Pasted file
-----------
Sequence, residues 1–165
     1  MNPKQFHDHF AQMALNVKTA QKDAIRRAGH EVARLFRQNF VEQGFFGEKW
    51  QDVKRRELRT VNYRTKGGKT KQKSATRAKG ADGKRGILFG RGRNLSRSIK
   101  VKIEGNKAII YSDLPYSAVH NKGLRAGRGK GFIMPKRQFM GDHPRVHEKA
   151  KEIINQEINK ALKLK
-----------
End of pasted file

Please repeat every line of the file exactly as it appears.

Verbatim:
Sequence, residues 1–165
     1  MNPKQFHDHF AQMALNVKTA QKDAIRRAGH EVARLFRQNF VEQGFFGEKW
    51  QDVKRRELRT VNYRTKGGKT KQKSATRAKG ADGKRGILFG RGRNLSRSIK
   101  VKIEGNKAII YSDLPYSAVH NKGLRAGRGK GFIMPKRQFM GDHPRVHEKA
   151  KEIINQEINK ALKLK